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BoE Announces Buying Government Debt to Ease Market Chaos

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The Bank of England announced today that it will be buying up long-term government debt in an effort to alleviate the market chaos that threatens to spark a financial collapse.

In a highly unusual move, Threadneedle Street said it will step in after the “significant price overhaul of UK and global financial assets” since Kwasi Kwarteng’s tax cuts.

“This price review has become more important in the past day and mainly affects long-term UK government debt. If the dysfunction in this market were to continue or worsen, there would be a material risk to the UK’s financial stability,” the statement said.

“This would lead to an unjustified tightening of financing conditions and a reduction in the flow of credit to the real economy.”

There was concern that pension funds were grappling with the massive shifts in government bonds coupled with the pound’s decline, with some saying they were urgently raising capital.

Commenting on the announcement, the Treasury Department said that “global financial markets have seen significant volatility in recent days.”

“These purchases are strictly time-limited and will be completed in the next two weeks. To enable the Bank to carry out this financial stability intervention, this operation has been fully reimbursed by HM Treasury,” a statement said.

The Chancellor is committed to the independence of the Bank of England. The government will continue to work closely with the Bank to support its objectives for financial stability and inflation.”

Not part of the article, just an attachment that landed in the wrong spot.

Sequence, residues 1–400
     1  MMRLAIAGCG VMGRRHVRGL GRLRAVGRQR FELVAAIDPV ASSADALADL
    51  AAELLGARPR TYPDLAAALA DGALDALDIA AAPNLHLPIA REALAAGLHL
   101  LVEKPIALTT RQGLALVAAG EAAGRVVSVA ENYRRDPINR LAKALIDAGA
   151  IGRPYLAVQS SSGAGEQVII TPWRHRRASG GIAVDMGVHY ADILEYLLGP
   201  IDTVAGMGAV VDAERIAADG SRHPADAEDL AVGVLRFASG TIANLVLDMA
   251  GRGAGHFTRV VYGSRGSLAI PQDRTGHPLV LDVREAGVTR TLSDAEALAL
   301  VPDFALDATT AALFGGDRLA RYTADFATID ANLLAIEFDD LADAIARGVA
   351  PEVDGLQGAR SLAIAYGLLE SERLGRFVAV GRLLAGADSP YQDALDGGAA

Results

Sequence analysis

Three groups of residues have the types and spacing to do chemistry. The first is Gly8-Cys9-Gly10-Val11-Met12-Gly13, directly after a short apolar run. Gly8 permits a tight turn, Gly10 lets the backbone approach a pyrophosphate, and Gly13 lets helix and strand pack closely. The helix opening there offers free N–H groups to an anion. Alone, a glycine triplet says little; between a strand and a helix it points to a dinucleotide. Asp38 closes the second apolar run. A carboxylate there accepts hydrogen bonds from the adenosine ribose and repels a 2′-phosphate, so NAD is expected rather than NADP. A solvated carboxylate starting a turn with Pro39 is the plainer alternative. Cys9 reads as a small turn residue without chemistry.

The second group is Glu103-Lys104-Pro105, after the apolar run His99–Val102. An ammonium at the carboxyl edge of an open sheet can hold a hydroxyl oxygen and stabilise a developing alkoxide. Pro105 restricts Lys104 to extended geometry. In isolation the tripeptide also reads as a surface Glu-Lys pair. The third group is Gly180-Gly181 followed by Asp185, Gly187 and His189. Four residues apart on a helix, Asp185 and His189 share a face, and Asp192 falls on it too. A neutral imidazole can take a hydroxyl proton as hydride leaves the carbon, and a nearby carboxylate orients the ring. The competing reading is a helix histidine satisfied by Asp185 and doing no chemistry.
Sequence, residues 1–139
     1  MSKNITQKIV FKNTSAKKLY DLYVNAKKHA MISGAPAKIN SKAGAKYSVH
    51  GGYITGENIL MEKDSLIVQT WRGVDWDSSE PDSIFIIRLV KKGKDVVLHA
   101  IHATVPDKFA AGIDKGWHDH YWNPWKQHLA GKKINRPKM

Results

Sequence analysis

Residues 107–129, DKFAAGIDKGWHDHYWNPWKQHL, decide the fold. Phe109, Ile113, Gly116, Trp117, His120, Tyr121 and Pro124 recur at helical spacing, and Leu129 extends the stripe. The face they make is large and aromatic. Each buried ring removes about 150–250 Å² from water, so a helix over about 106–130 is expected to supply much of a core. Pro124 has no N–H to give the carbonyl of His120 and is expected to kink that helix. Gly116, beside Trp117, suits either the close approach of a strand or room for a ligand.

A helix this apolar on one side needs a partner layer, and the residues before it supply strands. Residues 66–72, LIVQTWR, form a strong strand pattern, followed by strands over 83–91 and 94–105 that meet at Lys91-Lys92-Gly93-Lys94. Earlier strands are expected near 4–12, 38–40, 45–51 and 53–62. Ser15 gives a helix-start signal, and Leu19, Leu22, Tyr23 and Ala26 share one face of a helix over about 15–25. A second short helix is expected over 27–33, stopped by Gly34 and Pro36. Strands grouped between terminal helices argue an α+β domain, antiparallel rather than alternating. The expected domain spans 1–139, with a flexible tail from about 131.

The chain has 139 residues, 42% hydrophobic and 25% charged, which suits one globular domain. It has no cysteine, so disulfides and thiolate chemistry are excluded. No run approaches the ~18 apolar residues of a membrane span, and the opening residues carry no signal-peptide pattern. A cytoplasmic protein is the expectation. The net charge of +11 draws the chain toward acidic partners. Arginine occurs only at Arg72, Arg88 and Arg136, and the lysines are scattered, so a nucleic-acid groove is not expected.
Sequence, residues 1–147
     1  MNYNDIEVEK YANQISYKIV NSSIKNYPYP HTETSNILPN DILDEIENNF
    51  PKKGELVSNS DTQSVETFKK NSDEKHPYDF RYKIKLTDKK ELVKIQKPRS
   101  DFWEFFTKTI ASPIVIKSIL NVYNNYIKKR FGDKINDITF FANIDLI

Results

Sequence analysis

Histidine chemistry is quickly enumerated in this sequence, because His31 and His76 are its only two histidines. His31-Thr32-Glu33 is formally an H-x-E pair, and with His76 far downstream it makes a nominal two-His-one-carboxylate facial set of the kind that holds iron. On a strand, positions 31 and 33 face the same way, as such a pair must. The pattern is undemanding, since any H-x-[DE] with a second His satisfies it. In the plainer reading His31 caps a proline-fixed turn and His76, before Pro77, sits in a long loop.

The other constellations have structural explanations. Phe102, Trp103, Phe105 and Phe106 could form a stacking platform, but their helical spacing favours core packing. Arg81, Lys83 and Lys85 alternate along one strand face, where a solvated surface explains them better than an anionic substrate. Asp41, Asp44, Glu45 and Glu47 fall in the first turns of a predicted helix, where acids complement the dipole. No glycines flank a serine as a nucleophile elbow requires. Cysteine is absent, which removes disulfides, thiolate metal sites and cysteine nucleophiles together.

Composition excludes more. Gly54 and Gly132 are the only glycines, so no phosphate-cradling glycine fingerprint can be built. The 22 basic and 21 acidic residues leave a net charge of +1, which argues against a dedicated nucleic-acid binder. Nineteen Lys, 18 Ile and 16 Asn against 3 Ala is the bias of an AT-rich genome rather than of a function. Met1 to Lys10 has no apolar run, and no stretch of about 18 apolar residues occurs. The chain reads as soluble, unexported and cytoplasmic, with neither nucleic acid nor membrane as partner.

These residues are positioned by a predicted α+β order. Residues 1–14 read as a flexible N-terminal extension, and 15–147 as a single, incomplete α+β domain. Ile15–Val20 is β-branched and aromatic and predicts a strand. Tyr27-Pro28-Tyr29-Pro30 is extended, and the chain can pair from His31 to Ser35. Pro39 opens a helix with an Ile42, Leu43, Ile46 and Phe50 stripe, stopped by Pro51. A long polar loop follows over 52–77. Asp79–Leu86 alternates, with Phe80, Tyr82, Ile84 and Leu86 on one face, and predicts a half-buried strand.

The pound had regained ground after hitting an all-time low of just $1.03 on Monday, but fell again this morning after the IMF criticized the “big and untargeted” fiscal package.

Earlier, there was anger at the IMF urging Mr. Kwarteng to reverse his tax cuts in his next mini-budget on November 23.

Meanwhile, White House economic adviser Brian Deese said he wasn’t surprised by the response — he warned the policy meant interest rates were more likely to rise.

“In a monetary tightening cycle like this, the challenge of that policy is that it actually puts the monetary authority in a position to potentially tighten even more. I think you saw that as a reaction,’ he said.

‘It is especially important to keep a focus on fiscal prudence, fiscal discipline.’

The feverish atmosphere was underlined by credit rating agency Moody’s who warned that the fiscal package would “permanently weaken the affordability of Britain’s debt”.

Mr Kwarteng tried to calm the nerves on the conservative benches last night in a talk with dozens of MPs, emphasizing the need for ‘cool heads’ and saying the government can ‘get through this’.

And some senior Tories have argued that the pound’s decline has in fact been triggered by alarms that Labor could soon be in government.

With Keir Starmer up 17 points in polls, former MEP Lord Hannan wrote on the ConservativeHome website: ‘What we’ve seen since Friday is partly a market adjustment to the greater likelihood that Sir Keir Starmer will win in 2024 or 2025 – leading to to higher taxes, higher spending and a weaker economy.’

Kwasi Kwarteng Later Meets Investment Banks After His Tax Cuts Scared Traders

The currency had rebounded after hitting an all-time low of just $1.03 on Monday, but fell again this morning after the IMF criticized the ‘big and unfocused’ fiscal package

Sterling fell to $1.06 this morning after recovering to $1.08 yesterday.

Fears are growing that the currency will equal the dollar unless the UK government can stop the shift.